3 Dog Housetraining Mistakes New Owners Make
If you are a new dog owner, read some of the common mistakes that you can avoid as you start your dog housetraining.
Mistake #1: Not Using a Crate
Many new dog owners are excited to have a new addition in the home and want to make their new puppy comfortable by letting him sleep in a cute dog bed.
By nature, dogs and puppies do not want to soil the area they’ll be sleeping. When you don’t use a crate, the puppy will hop off the bed and find an alternative in the home when nature calls. Dog crate training will help ensure a puppy is not wandering around and making messes while you’re out or asleep. When you arrive home, the puppy can be let outside in an appropriate area in order to relieve himself.
Mistake #2: Illogical Consequences
A dog owner’s first reaction to seeing a dog’s mess on the carpet may be to begin yelling at the dog for causing another clean-up.
Yelling or disciplining a dog after it has made a mess on the floor will just make a dog confused. He has no idea why his owner is upset; it just had to “go”. Illogical consequences for a dog’s lack of training or understanding will just instill fear in him and will not teach the correct thing to do.
Instead, catch the dog when he’s using your floor as a restroom. Then you can sternly say, “No,” and take the dog outside to finish going to the bathroom. After the dog is done going potty, praise the pooch. Doing this will make more sense to a dog: he is scolded while doing something wrong, is given an alternative and is then praised after doing the right thing. Positive reinforcement goes a long way, especially when housetraining an older dog.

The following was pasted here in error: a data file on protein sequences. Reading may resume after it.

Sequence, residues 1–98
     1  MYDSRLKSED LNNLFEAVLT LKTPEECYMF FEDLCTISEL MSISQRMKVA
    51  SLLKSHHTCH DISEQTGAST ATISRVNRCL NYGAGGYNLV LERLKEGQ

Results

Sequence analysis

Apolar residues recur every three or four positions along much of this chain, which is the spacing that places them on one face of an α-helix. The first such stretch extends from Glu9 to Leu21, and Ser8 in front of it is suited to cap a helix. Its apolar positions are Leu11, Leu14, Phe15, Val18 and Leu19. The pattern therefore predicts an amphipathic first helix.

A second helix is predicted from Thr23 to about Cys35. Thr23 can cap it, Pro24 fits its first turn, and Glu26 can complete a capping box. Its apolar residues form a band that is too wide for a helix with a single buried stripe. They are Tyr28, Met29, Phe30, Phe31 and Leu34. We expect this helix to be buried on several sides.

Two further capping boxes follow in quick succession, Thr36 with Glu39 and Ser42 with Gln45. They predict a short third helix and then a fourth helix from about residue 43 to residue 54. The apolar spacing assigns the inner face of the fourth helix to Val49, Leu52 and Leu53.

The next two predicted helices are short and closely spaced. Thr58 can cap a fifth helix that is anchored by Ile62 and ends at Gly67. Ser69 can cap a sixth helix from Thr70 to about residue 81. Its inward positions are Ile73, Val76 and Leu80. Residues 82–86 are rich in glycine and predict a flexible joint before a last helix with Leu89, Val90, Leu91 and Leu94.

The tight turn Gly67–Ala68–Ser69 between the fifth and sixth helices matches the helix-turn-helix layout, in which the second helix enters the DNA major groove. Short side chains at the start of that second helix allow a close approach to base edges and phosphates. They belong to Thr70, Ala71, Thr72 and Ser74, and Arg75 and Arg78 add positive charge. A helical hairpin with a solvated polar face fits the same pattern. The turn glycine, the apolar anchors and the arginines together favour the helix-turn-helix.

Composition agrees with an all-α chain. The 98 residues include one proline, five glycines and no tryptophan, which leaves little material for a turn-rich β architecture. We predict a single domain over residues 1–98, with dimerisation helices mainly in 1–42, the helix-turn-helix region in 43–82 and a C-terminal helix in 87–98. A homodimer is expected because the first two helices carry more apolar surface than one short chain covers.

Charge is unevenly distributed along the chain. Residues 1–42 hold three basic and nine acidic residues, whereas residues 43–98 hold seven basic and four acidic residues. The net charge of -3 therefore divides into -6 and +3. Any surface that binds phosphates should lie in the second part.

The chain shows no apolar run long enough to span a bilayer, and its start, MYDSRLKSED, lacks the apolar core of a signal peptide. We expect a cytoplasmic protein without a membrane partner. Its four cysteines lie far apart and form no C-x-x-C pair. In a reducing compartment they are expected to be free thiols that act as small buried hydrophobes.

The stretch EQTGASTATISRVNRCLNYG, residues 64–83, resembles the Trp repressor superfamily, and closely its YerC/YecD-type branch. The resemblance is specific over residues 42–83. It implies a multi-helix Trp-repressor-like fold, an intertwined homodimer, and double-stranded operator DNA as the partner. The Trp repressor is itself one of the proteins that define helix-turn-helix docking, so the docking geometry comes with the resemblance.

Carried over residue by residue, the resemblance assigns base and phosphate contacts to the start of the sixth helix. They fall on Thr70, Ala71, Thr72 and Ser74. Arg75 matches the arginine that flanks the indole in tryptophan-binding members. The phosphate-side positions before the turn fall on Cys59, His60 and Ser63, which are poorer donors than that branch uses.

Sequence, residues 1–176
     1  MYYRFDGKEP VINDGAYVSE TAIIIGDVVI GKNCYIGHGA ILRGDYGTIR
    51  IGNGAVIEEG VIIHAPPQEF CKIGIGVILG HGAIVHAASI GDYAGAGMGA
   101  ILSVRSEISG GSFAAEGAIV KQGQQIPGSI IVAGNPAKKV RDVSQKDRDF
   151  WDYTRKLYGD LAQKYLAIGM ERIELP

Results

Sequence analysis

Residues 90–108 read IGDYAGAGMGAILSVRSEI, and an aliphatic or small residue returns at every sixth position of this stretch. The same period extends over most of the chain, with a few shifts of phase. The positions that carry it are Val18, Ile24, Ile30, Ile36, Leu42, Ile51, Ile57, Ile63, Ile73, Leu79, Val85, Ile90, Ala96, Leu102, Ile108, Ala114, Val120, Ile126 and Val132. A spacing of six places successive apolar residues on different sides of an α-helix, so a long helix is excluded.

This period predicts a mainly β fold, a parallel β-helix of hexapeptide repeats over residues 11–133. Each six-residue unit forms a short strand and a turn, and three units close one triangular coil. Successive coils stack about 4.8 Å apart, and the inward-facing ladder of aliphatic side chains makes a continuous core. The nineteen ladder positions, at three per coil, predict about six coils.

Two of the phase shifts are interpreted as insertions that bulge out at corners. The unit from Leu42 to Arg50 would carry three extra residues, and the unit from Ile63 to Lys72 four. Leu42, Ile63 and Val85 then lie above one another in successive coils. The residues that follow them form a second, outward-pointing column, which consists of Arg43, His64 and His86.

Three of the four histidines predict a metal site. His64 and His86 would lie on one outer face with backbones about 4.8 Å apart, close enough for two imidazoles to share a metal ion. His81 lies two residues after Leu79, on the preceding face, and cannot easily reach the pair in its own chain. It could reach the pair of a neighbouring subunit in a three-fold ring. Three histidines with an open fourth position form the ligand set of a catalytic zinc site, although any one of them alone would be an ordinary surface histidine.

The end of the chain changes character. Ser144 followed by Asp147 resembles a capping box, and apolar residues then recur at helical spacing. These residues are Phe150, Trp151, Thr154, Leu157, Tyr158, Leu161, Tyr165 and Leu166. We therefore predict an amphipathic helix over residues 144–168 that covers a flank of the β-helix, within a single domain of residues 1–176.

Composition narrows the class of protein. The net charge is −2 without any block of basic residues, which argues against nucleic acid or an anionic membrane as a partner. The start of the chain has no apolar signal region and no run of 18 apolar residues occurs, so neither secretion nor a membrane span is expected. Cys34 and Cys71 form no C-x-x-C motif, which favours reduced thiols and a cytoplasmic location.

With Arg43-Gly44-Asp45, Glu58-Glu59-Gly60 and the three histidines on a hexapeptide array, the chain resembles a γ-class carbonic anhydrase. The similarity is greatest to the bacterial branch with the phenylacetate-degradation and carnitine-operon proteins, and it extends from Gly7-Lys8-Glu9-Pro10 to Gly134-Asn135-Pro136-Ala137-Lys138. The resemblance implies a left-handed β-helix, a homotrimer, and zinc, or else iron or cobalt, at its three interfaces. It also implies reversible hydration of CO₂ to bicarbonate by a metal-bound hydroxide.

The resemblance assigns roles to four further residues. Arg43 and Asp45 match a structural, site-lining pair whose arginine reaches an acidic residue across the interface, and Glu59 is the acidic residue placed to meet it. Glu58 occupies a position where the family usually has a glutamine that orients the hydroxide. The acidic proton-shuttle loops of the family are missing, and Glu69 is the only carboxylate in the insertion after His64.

Mistake #3: Not Sticking to a Schedule
Dogs, like children, strive for routines and stability. A dog should not only be fed at the same time every day, but should also be let outside to relieve herself at the same time every day. When a puppy or older dog knows there is a time and place to go to the bathroom, she will be able to control her bladder better.
Training experts advise dog owners to take their dog outside to go to the bathroom in the morning, about half an hour after every meal, after any naps, after being let out of the crate and before bed. When the dog is taken outside, you should say a command that lets the dog know this is an okay spot to use. Keep in mind: puppies have tiny bladders and less control over them than older dogs. Therefore, puppies may need to have more potty breaks worked into their routine.
When housetraining a puppy—or even an older dog—the #1 thing to never neglect is consistency and follow-through.